Double Standards Hurt, Transformation Heals

Written by Tod.

Much progress in race relations has occurred in my lifetime.  However there is a recurring theme in this country that remains a sad reminder of what still needs to change with regard to race and racism.   I have observed over months how the Newtown murders were covered in the news and how other similar murders are covered when they involve people of color.

We have all suffered through far too many painful mass shooting in this country. However there is an additional element of emotional challenge for many people of color when such horrendous things occur.    You probably know what I am going to say.  Why is it when Black young people are killed in such high numbers there is not a public outcry that extends beyond their immediate neighborhood?  Why is there no national outrage?

Some say that the difference is that mass shootings result in deaths all at one time and that makes them more egregious.  My response is always the same.  Black children may not be killed all at one time but they arekilled all the time.  There were over 500 murders in Chicago last year and 62 were school age children.   No public outrage. Granted the tender age of the children in the Newtown shootings warranted a particular outcry and I join in that but please don’t lose the point.  Sadly the lack of a similar outcry is due in part to the “normalization” of the killing of Black people in this country.  Usually the term “Black on Black crime”, is used to describe the normality of the killings, implying “oh that is just what they do.”  The term “Black on Black crime” is indeed strange and diminishing.  The tragedy in Newtown was not referred to as White on White crime even though most of the victims and the community they were from are White.  It was considered what it was, a tragedy impacting very young children that merited a national discussion and a heartfelt reflection on the state of our children, the state of violence and the accessibility of guns.   The daily murders in far too many Black communities does not evoke similar sentiments.   Though all such crimes are inexcusable their victims and families deserve the same attention and concern.  

I have a similar painful reaction when I see the national exposure given to kidnapped children.   My natural inclination is to empathize with such a horrendous experience but there is always the part of me that wonders why, rarely if ever attention is drawn to a kidnapped child of color. Painfully I can only conclude that white children are seen to be more valuable than Black children.  This is still a difficult pill for me to swallow.

I believe I have a right to be outraged by this sort of disparate treatment.  In the past I have allowed myself, however unintentionally, to become embittered and suspicious by such occurrences which honestly are too numerous to mention. And if I avoided becoming embittered at the very least, I registered another slice of generalized anger in my psyche and directed at those who don’t have to navigate such experiences.   Bitterness and suspicion have not served me well.  Some time ago I concluded there had to be a better way.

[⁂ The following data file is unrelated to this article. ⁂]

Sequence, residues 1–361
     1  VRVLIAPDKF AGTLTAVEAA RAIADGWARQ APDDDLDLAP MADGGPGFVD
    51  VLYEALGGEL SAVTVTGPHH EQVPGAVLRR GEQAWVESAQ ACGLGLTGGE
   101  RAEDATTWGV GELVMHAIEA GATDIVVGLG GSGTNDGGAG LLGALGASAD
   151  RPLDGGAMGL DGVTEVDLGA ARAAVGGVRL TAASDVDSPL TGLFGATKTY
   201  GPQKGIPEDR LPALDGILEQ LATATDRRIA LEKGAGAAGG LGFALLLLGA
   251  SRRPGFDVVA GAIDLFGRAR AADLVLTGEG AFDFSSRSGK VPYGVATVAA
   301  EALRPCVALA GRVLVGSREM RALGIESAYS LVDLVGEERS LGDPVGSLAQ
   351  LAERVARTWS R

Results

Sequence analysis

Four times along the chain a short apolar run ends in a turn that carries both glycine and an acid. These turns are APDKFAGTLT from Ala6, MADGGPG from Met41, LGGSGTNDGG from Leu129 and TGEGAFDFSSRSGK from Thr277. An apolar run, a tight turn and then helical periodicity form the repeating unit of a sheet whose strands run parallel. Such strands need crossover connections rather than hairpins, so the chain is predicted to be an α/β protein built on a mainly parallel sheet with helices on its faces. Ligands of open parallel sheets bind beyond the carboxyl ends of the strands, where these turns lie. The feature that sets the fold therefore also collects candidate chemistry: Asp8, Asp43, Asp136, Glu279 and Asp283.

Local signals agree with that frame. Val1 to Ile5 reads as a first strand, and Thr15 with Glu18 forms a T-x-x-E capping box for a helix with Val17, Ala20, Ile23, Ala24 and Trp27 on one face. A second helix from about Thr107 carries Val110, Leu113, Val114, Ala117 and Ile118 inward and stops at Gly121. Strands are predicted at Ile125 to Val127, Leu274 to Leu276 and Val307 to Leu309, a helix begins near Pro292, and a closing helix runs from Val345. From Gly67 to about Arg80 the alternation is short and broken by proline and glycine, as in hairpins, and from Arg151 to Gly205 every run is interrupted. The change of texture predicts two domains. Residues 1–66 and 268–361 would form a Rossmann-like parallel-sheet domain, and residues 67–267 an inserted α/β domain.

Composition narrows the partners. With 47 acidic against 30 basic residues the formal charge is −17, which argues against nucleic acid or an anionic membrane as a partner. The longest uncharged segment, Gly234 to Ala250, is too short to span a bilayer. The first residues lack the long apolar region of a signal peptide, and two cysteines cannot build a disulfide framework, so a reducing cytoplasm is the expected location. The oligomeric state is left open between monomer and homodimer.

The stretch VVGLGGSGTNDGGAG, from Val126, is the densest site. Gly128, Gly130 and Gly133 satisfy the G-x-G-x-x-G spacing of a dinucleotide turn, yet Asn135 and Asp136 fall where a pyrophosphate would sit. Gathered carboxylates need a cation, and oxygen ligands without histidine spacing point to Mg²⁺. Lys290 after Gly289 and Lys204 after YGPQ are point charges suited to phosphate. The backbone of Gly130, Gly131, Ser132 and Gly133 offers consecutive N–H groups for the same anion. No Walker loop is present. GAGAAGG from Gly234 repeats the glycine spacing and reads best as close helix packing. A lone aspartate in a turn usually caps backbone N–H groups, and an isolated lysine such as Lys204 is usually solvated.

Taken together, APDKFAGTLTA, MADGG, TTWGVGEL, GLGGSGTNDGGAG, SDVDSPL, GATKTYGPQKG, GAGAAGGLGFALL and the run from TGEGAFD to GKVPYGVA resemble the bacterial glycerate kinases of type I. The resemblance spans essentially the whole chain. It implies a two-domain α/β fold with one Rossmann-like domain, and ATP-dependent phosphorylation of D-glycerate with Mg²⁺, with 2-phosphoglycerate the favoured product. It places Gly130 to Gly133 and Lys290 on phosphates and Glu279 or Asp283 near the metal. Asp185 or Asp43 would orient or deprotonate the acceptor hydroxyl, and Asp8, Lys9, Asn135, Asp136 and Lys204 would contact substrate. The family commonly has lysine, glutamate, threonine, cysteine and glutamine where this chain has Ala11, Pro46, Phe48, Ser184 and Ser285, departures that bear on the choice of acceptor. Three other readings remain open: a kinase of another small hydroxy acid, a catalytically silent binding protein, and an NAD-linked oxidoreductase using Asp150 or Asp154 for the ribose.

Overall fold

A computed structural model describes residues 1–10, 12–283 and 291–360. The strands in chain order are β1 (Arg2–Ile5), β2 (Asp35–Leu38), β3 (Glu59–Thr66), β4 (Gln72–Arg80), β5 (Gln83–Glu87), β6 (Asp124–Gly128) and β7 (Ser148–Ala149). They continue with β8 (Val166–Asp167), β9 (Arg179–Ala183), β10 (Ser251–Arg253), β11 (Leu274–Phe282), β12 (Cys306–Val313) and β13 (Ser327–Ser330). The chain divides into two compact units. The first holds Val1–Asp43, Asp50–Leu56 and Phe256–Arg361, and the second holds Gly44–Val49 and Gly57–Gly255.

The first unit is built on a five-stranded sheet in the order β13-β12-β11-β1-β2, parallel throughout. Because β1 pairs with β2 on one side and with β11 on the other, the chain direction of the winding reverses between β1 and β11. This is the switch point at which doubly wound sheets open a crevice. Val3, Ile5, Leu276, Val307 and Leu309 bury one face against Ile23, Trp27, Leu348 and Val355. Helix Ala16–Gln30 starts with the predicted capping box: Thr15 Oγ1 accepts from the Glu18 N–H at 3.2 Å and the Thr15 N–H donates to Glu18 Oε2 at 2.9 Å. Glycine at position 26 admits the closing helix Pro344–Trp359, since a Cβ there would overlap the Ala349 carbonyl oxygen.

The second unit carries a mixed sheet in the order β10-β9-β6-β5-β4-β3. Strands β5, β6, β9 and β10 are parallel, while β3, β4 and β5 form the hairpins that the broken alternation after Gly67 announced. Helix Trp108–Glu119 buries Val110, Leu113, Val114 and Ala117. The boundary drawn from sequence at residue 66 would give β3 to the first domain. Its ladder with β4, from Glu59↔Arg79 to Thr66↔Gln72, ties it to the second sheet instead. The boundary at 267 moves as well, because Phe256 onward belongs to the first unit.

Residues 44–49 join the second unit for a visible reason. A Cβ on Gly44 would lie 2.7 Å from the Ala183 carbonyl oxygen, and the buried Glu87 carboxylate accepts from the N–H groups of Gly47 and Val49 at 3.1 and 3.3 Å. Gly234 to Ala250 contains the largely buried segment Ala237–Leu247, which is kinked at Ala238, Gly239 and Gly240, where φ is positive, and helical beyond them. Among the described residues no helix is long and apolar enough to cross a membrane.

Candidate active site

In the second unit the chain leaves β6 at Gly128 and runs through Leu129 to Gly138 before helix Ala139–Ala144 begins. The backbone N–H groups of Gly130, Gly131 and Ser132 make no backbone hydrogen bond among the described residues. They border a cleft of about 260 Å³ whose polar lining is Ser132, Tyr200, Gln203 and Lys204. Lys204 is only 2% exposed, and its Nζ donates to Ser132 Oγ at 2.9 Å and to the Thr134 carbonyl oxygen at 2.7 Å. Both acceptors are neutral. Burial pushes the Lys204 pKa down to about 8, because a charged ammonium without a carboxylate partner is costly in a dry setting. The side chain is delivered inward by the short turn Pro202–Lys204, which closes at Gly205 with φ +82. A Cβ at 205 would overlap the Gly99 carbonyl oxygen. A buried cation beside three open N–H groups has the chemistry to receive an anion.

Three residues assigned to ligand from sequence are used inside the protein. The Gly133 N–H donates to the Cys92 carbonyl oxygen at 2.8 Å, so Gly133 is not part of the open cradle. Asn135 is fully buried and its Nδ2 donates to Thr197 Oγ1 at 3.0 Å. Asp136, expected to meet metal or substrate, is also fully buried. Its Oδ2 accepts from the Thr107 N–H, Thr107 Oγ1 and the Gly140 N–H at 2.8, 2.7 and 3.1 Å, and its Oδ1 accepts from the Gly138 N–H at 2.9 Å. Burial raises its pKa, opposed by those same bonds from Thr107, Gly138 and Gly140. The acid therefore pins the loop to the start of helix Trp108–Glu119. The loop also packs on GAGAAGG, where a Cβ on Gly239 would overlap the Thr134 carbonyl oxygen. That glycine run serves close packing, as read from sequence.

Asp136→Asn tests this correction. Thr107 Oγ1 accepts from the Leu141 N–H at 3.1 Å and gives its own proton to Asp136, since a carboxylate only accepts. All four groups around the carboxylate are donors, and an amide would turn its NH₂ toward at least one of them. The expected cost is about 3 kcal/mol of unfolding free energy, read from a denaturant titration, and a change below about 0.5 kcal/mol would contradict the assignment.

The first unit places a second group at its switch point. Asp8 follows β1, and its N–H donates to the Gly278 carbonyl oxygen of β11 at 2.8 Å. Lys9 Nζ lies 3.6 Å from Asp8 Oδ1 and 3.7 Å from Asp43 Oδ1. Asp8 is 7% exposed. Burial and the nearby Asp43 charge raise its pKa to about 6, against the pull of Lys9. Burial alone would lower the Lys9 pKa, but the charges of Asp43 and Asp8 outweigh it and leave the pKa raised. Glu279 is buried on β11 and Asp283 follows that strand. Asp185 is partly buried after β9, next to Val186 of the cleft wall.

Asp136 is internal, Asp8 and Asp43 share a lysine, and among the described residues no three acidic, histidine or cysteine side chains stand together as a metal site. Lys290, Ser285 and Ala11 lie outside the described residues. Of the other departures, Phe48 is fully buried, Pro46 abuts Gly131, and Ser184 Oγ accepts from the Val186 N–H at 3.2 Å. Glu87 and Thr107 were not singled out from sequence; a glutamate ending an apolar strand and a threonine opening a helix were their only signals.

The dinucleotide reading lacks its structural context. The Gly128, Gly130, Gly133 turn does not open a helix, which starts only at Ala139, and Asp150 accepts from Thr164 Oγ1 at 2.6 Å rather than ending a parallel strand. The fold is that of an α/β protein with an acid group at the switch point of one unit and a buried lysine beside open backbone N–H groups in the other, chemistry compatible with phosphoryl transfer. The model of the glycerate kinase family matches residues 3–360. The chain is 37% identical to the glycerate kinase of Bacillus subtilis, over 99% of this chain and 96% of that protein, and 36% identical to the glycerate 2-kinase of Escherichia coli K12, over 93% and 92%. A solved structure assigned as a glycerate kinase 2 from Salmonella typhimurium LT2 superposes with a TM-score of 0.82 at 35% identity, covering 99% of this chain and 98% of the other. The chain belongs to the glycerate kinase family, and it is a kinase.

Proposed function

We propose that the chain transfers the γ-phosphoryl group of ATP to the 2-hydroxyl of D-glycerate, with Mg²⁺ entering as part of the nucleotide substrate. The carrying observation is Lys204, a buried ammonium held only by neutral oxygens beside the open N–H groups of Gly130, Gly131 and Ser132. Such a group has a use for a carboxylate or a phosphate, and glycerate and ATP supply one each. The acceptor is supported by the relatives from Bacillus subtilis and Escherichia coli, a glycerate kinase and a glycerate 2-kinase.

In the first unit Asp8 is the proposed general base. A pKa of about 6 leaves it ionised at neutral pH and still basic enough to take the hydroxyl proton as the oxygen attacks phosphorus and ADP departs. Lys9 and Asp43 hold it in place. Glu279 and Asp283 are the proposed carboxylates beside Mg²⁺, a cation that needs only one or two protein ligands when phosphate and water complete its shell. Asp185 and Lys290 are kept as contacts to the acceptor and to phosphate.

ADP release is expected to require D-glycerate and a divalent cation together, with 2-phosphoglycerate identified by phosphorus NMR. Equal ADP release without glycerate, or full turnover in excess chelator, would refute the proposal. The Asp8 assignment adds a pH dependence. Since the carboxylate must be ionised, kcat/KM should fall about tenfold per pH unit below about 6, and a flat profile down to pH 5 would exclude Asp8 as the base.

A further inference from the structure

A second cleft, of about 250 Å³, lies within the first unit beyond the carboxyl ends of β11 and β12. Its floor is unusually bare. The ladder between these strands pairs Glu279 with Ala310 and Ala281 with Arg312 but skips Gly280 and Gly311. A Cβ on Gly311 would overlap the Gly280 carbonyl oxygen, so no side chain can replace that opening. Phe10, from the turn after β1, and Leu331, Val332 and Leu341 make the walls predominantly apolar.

The iconic human rights leaders that inspire me all have found a way to transmute or transform even harsher such experiences into a sort of spiritual strength. They found a way to walk on higher ground.  King did this as did Mandela, Gandhi and others.  In doing so they were able to have a more penetrating influence on the very conditions that created the disparities that created the pain or anger in the first place.  

Gandhi is quoted as having stated the following:"I have learned through bitter experience the one supreme lesson to conserve my anger, and as heat conserved is transmuted into energy, even so our anger controlled can be transmuted into a power which can move the world."

As I looked closely at the lives of these men, I found that their “high ground” authentic and spiritual responses were such that they challenged the injustice while lifting everyone to higher ground.  There’s was never to defeat or conquer the oppressor but rather to lift their consciousness and heal their hearts while at the same time bringing persistent attention to the unjust circumstances the perpetuated.  These icons had somehow conquered and transformed their baser or more reactive instincts and thus were able to influence and move humanity across the globe. They were able to speak with a moral authority born of self-sacrifice and suffering. 

Some time ago determined that if this is the course that is effective then this is the course I must pursue.   I did not want to become a manifestation of the words uttered by Al Pacino in the movie “Scent of a Woman.”  He said,  “I’ve come to the crossroads in my life and I always knew what the right path was…without exception…I knew.  But I never took it. Ya know why? “Cause it was too damn hard!

He’s right, at times “it is damn hard.” However early indications suggest it will allow me to have greater impact in making change that I have had to the present.  That makes the road worth taking for me.